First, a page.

Case Study: Mobile Usability Redefined
As with all beginning designers we sometimes overlook what we think are small details, that lead to big usability issues. I got to see firsthand one of my own in practice.
Before taking the Ironhack UX/UI course I designed and launched the website for my hometown's busiest local restaurant, which I happened to also have been a server and manager at. Rib City Grill is a very traditional, family oriented establishment who's main clientele consists of non tech savvy users, (such as a lot of elderly individuals).
When the pandemic situation changed the world the way knew it the use of individual phones to access menus become imperative when dining. Suddenly I was waiting on tables who were utilizing the mobile website I had designed to make their orders, and unfortunately I had a front seat view of user frustration over a button I had seen as perfectly clear when designing.
By changing the accessibility of the button user pain was eased, and less frustrated customers meant more returning visitors and higher profits. Staff productivity was also increased by not having to waste what little time servers. have at each table trying to explain how to use an online menu. As a result of the usability adjustments the mobile bounce rate was decreased by 22%.
Bounce Rate Optimization
When first creating the Rib City website I hadn't taken into account the amount of mobile users, and was also not yet acquainted with a mobile first approach or designing for a user persona. In 2020 when the COVID pandemic changed everything suddenly all customers could only view the menu online via their own device to prevent the spread of disease. I designed the drop down menu in an aesthetic hamburger menu style, but didn't consider it may not be clear that was where you click to view the menu.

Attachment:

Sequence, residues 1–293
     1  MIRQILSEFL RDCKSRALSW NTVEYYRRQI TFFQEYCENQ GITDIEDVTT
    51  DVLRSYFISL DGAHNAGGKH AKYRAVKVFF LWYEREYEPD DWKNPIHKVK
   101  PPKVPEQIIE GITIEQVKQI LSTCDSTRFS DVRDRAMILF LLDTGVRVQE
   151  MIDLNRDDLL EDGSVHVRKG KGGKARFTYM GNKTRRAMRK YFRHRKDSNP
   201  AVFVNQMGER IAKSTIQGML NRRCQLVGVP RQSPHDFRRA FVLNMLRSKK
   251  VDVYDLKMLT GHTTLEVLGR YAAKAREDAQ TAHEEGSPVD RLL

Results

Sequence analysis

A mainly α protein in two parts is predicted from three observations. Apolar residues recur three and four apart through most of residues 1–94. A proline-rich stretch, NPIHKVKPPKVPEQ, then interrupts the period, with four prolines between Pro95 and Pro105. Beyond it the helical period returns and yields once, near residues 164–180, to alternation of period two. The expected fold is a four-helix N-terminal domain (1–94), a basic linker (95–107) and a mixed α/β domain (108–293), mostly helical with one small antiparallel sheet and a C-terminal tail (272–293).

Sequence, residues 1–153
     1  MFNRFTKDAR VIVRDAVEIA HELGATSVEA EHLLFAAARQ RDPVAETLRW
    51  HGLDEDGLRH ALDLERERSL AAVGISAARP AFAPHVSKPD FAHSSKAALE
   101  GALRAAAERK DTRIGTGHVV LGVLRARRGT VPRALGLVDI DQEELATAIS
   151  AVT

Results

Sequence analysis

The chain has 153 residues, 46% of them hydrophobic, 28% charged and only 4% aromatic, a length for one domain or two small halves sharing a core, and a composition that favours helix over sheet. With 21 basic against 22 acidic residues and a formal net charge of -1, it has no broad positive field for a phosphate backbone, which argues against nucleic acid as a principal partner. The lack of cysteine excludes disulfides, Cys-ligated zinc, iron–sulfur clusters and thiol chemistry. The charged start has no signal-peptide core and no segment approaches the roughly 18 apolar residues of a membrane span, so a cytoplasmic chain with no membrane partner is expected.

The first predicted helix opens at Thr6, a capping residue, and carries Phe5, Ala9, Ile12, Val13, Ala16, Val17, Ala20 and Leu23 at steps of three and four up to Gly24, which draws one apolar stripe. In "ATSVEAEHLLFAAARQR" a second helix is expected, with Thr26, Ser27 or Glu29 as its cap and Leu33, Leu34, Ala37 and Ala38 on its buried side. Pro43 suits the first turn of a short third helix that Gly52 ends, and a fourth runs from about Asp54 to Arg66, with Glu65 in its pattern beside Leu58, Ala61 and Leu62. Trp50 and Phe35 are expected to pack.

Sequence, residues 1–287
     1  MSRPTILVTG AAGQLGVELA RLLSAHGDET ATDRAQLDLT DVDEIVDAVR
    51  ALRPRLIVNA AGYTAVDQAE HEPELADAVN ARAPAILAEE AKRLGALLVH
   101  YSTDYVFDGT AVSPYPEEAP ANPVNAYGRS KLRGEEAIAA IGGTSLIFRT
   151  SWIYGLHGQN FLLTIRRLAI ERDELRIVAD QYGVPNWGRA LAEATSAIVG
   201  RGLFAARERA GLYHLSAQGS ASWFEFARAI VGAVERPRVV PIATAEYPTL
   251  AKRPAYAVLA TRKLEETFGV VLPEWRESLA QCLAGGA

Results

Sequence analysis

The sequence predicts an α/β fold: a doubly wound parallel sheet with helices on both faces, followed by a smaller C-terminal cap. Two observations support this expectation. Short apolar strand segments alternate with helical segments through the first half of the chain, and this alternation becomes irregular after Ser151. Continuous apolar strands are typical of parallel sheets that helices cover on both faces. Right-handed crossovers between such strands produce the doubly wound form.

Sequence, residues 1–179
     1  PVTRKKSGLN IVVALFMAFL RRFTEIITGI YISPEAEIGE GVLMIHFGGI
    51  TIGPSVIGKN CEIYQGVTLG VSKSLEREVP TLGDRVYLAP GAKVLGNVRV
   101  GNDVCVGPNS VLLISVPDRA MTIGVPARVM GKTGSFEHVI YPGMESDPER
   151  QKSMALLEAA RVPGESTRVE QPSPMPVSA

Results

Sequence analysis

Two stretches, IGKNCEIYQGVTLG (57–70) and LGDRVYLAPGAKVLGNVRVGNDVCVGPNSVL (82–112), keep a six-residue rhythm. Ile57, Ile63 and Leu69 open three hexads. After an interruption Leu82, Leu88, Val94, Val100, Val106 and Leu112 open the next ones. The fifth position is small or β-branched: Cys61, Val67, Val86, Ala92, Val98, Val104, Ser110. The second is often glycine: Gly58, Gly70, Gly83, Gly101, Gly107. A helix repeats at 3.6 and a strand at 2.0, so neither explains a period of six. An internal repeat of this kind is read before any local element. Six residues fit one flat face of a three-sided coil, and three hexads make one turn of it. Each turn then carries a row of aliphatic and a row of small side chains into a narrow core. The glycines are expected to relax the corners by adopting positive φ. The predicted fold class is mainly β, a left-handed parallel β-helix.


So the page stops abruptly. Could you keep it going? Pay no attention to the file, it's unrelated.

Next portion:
"UGH I can not figure out how to find this menu, can you please help me?"
While the client was quite pleased with the look of the website, the real test was to see how it played out with our regular users. Sadly this was a commonly uttered statement I heard when waiting on customers. Of course, they had no idea I had designed the site. Now having learned about UX I realized my error and knew a heuristics evaluation was overdue.
Upon Heuristically evaluating 3 issues became apparent:
Feature Recognition - The menu button was not easily recognized by users to navigate to the food menu.
Accessibility - Reading the menu options on the drop down menu was made hard by a font that was too small.
User Control - The pages were quite long on mobile, and there was no return to top button to give the user control and ease while scrolling.
Now I knew with these issues in mind I needed to reimagine Rib City's main user persona to redesign for.
Recently upgraded to a smart phone
Eats at Rib City every Sunday
Hates when she forgets her glasses and can't read a menu
Loves not having to ask her family for help in navigating a website
Redesigning with Ruth's needs in mind I solved the usability issues by:
1. Recreating the menu button to read MENU.
2. Increasing the menu font size to 24px.
3. Adding a return to top button when scrolling at any point on a page.
Being a long time employee of the restaurant I was lucky to have a good rapport to test with the users. I tested with 20 individuals, and not a single had trouble finding the menu immediately, as well as said they had no issues easily reading the menu options or returning to the top of the page. SUCCESS!
By changing the Menu button to a recognizable state menu user frustration was completely alleviated. The other adjustments made the interface more readable and easily navigable. Not only did I never hear another confusion, but it saved myself and other servers time wasted at the table assisting customers, creating a more productive table service overall.
I found this to be a big step in my growth as a UX designer. I learned that not only is it important to test your iterations before delivering, but truly understood how one button can completely ruin a user experience. It also exemplified that aesthetic design is most certainly not always usable, and that usability is wherein the importance lies.